This week was a heyday for VMware with VMworld taking place in San Francisco, a slew of new product announcements, and a healthy stock bump on Monday. It is almost impossible to avoid the Virtualmania! taking place...so we won't try to.
Dave Hitz at NetApp wrote an interesting post today titled Why Run VMware over NAS? He has a few great points about managing files versus LUNs, and even finds a way to work in some praise for Chuck Hollis at EMC. Nice to see everyone agreeing on the same thing...and getting along for a moment.
It is encouraging to see two thought leaders promoting the simplicity and functionality of NAS for virtual environments. Most people tend to agree that NAS is easier and more cost effective than SANs for modern data center architectures. But NAS still has a lingering performance stigma that often remains high on administrator minds...to the point where many people feel they need to consider alternative solutions such as Fibre Channel SANs.
The stereotypes about NAS and SAN are longstanding...to the point where two of the world's larger IT companies, Oracle and NetApp, still have to showcase how their products deliver on performance. For a humorous, but technically strong debate on the subject of NFS performance take a peak at Manly Men Only Deploy Oracle with Fibre Channel - Part 1. Oracle Over NFS is Weird.
Now back to the VMware discussion. As Dave Hitz pointed out in his post, there are a number of reasons why NAS might be easier and simpler to implement for virtual environments than SANs, particularly when it comes to managing .vmdk files.
But one item that hasn't been widely highlighted, and might deserve some attention, is the underlying attention required to managing LUNs in a virtualized environment. When configuring groups of virtual servers, administrators often assign some groups to one LUN set for higher performance, and other groups that are not as I/O intensive to LUNs with less performance (and more efficient costs). While helpful tools such as VMotion can easily distribute the load of virtual machines across individual servers, the .vmdk files of those virtual machines still reside on the same LUNs. So in the case of an I/O constraint causing performance issues for virtual machines, migrating that virtual machine with VMotion is not likely to solve the problem.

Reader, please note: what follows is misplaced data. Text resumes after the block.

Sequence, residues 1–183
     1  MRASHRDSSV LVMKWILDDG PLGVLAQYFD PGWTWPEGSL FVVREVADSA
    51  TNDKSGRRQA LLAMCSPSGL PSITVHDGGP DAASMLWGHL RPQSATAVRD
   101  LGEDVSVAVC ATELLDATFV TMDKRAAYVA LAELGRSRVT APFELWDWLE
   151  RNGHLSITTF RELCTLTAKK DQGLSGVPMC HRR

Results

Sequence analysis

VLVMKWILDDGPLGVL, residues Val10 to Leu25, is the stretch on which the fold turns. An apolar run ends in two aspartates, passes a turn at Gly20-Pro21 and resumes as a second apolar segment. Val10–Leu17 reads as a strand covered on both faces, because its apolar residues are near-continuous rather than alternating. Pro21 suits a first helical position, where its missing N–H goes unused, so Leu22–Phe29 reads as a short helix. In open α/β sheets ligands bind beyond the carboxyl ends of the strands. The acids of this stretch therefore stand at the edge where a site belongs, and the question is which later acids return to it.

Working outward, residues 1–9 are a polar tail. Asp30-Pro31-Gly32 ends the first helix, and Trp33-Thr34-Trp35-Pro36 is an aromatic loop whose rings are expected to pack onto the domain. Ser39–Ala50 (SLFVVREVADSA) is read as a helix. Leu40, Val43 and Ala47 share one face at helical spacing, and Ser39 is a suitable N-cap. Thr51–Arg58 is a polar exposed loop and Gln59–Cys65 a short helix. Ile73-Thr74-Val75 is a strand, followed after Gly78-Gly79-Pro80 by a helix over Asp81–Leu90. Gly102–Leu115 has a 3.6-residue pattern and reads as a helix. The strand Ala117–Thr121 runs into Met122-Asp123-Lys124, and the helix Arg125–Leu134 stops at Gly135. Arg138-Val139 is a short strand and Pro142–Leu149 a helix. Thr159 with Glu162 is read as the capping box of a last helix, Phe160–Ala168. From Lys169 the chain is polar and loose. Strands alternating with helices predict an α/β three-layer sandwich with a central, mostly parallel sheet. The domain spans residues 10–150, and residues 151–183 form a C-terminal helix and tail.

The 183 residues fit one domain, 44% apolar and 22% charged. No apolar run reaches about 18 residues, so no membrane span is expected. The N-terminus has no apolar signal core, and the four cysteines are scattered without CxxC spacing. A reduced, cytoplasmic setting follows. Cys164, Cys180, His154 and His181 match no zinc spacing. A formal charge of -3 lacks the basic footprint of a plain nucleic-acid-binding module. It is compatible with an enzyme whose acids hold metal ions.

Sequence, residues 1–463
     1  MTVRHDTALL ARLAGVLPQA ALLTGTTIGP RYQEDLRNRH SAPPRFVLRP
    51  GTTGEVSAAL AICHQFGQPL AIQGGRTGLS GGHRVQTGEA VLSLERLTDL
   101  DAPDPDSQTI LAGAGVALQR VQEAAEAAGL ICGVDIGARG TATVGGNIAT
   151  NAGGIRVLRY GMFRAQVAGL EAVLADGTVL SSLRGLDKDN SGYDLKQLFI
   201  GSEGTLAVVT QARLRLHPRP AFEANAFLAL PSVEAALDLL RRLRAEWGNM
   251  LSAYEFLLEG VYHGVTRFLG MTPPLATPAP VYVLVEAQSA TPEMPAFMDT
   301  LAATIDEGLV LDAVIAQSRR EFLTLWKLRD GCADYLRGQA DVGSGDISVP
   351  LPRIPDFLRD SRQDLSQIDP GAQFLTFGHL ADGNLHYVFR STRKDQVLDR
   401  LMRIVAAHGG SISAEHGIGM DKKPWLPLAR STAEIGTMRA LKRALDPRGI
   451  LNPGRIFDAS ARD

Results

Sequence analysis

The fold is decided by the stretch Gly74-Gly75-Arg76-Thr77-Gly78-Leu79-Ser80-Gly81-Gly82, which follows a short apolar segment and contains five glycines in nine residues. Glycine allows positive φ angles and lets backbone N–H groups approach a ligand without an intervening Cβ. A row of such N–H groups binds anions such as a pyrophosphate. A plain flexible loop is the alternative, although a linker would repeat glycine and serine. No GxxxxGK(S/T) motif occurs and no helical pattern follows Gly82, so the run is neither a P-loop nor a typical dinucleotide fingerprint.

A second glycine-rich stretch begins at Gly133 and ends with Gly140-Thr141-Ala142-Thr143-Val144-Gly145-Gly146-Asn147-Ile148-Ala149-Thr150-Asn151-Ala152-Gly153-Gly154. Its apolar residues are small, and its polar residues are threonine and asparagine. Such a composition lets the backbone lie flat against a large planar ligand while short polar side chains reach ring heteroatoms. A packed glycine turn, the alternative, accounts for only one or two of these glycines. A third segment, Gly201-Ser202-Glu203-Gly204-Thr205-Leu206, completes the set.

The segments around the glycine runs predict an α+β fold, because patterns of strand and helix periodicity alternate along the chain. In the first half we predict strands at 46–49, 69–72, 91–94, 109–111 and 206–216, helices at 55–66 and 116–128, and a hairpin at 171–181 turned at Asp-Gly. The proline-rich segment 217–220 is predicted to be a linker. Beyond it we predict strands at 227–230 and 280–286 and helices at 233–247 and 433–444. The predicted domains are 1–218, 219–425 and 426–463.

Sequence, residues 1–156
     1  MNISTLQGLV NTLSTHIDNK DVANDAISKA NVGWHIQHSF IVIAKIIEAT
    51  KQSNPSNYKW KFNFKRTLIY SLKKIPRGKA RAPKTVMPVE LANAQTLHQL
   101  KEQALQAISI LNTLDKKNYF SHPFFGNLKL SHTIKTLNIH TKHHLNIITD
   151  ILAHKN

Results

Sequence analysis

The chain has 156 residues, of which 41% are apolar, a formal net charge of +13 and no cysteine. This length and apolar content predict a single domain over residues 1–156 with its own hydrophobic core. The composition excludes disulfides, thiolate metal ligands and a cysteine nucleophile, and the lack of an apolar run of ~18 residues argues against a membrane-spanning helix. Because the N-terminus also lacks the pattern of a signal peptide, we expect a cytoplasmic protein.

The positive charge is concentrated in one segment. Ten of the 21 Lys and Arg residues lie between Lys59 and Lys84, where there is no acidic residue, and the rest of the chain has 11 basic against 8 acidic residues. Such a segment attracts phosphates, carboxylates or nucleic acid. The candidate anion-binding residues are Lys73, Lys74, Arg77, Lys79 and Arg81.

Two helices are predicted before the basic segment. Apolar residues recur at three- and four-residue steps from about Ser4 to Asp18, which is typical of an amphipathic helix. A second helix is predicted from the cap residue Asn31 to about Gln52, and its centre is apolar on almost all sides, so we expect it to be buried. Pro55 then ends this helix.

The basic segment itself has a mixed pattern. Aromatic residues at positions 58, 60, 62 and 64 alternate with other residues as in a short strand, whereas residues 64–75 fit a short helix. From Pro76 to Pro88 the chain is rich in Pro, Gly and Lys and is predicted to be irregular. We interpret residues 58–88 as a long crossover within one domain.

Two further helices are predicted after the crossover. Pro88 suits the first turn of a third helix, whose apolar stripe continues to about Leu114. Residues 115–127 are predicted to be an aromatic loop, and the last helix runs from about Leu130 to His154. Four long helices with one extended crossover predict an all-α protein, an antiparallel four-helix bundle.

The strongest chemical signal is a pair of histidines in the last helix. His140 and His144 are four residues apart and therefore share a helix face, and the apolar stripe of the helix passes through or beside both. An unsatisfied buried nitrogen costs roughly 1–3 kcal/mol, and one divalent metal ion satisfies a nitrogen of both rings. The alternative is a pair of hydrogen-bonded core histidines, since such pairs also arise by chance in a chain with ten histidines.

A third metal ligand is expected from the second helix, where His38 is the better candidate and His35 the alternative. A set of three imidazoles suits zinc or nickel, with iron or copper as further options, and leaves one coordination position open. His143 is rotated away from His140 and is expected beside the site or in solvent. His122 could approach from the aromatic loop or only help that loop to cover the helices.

Configuring, assigning, and managing LUNs for virtual machines is still part art and part science. Regardless of that combination, it ultimately means more time, thinking, and management overhead for administrators. And while assigning those .vmdk files to a large NAS unit might seem like an easier method, performance concerns still present a perceived hurdle that makes many shy away from such an approach.
But alternatives exist to make use of NAS and add significant performance with a scalable caching appliance from Gear6. In these configurations, administrators can maintain one or more NAS file systems and complement those existing devices with a CACHEfx appliance to deliver high IOPS, low latency, and massive throughput. The appliance caches frequently requested data, in this case all or part of the .vmdk files, to dramatically accelerate I/O performance. Administrators can also add acceleration to a global namespace, giving them access to an almost unlimited amount of capacity without sacrificing performance. Today, it still isn't possible to dynamically resize LUNs with VMFS, so in cases where .vmdk movement for LUN expansion is a big part of the management activities, this could be a huge time savings.
There's no question that will the proliferation of dense, multi-core CPUs and multi CPU server, virtualization will play an increasing role in data center architectures. We just need to make sure that we can continue to feed those virtual machines!